More Democrats Get Behind Alito Nomination
Jan 26 2:02 PM US/Eastern
By JESSE J. HOLLAND
Associated Press Writer
WASHINGTON – Supreme Court nominee Samuel Alito, whose confirmation seems certain in the Republican-run Senate, padded his modest Democratic support Thursday with endorsements by Sens. Robert Byrd and Tim Johnson.
Alito already was assured the votes of the 55 Republicans in the 100- member chamber –enough to be put over the top – when West Virginia's Byrd and Johnson of South Dakota joined Nebraska's Ben Nelson in saying they'll vote yes.
Alito would become the nation's 110th justice, replacing retiring Justice Sandra Day O'Connor. Throughout her years on the high court, she often has been a key fifth vote on contentious social issues including abortion, affirmative action and the death penalty.
"I am troubled by Judge Alito's apparent views on matters such as executive power, his past opposition to the principle of one person, one vote, and his narrow interpretation of certain civil rights laws," Johnson said. "Even so, I cannot accept an argument that his views are so radical that the Senate is justified in denying his confirmation."
Johnson and other senators also are advising Democratic leaders against attempting a filibuster, the only chance the minority party would have to stop Alito's confirmation.
"Because we have such a full plate of pressing issues before Congress, a filibuster at this time would be, in my view, very counterproductive," said Sen. Mary Landrieu, D-La., who wants the Senate to concentrate on Hurricane Katrina rebuilding programs.
President Bush praised Alito during a news conference Thursday. "He understands the role of a judge is not to advance a personal and political agenda," Bush said. "He is a decent man. He's got a lot of experience and he deserves an up or down vote in the Senate."
The confirmation debate on the Senate floor continued Thursday, but Republicans and the White House are so confident that Alito will be approved by the Senate that they've already started congratulating him and sending up new lower-court nominations for senators to consider.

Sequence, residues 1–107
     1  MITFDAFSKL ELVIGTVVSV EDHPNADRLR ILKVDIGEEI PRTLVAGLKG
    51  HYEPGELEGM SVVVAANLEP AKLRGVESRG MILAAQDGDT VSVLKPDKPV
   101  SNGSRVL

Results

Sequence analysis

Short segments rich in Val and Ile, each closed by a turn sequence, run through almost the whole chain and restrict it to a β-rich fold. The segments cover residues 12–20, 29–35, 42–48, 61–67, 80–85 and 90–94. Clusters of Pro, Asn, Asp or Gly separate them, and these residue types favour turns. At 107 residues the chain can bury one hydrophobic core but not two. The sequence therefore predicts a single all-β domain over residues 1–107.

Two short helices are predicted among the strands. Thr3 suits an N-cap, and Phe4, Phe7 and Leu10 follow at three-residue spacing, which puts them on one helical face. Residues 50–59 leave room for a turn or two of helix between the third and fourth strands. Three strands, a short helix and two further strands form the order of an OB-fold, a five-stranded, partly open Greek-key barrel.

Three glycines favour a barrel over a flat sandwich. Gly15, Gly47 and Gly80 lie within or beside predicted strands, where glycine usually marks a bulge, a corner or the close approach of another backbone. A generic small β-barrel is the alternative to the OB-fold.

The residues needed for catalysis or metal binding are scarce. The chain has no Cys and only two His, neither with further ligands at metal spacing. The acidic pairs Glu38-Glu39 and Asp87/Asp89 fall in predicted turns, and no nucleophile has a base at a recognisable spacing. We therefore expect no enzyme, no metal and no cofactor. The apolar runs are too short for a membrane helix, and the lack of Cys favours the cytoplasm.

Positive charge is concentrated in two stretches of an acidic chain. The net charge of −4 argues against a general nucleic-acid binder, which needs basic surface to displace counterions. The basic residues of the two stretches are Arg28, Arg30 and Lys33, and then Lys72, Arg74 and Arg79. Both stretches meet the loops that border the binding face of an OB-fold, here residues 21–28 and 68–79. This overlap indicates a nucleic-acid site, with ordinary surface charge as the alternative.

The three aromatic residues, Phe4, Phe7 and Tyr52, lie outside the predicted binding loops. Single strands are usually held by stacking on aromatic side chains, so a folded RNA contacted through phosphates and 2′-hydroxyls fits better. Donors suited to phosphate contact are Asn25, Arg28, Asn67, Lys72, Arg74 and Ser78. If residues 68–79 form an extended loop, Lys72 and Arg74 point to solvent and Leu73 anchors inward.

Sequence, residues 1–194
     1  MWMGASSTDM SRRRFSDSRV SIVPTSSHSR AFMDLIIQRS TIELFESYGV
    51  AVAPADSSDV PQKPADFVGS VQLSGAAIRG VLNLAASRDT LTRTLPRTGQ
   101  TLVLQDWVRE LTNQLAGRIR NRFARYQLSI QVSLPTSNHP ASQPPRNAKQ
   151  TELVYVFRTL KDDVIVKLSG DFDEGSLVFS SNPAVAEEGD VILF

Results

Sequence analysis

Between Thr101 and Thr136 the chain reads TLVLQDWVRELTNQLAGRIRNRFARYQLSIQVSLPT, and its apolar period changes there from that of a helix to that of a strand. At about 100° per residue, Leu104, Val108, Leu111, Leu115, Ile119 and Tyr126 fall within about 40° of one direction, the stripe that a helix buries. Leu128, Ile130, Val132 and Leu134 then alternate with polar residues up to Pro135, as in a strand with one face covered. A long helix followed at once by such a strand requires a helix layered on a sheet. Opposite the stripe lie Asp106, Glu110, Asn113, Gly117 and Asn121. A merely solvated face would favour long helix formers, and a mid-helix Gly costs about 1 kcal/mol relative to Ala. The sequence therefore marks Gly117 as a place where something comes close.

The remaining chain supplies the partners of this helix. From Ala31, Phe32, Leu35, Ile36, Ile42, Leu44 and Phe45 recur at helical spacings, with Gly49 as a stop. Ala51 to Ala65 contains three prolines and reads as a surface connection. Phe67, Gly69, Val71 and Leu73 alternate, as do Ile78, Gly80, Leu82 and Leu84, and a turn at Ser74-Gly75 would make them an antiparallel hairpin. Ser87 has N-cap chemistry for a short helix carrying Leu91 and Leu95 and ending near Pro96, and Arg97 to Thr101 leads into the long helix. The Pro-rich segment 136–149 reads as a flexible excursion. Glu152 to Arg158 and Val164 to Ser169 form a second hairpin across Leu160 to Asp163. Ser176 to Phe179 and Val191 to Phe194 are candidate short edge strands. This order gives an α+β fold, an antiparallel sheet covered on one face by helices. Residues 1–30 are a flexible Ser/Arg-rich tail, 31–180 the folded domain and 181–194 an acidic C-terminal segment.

A few hours after senators started debating his nomination Wednesday, Alito met with Senate Majority Leader Bill Frist, Majority Whip Mitch McConnell and Judiciary Committee Chairman Arlen Specter in a U.S. Capitol room that directly faces the neighboring Supreme Court.
The conservative judge shook their hands and joked with the Republican leaders and thanked them for their efforts. Alito, who had met privately with more than 80 senators since Bush nominated him in October, also thanked "all of the senators who supported me and were kind enough to meet with me."
The 100-member Senate is expected to confirm the 55-year-old judge from the 3rd U.S. Circuit Court of Appeals in Philadelphia before Bush's State of the Union address on Tuesday.
Democrats continued to warn that Alito's nomination would put individual rights and liberties in danger. Sen. Dianne Feinstein, D- Calif., the only woman on the Senate Judiciary Committee, said Alito will join justices Clarence Thomas and Antonin Scalia in the court's conservative wing and apply "originalist" interpretations to court decisions.
"If an originalist analysis was applied to the Fourteenth Amendment, women would not be provided equal protection under the Constitution, interracial marriages could be outlawed, schools could still be segregated and the principle of one man, one vote would not govern the way we elect our representatives," Feinstein said.
Even though Democrats like Landrieu and Ken Salazar of Colorado won't support a filibuster, that doesn't mean that liberals aren't working to get the largest vote against Alito possible.
Twenty-nine senators – including Democratic Sens. Blanche Lincoln, Carl Levin, Daniel Inouye, Joesph Lieberman and Jeff Bingaman as well as independent Sen. Jim Jeffords of Vermont – have said they will vote against Alito. Twenty-two Democrats voted against conservative Chief Justice John Roberts last year.
If the pattern continues, Alito may be on his way to the most partisan Senate victory for a Supreme Court nominee in years. The closest vote in modern history is Justice Clarence Thomas' 52-48 victory in 1991, when 11 Democrats broke with their party and voted for President George H.W. Bush's nominee.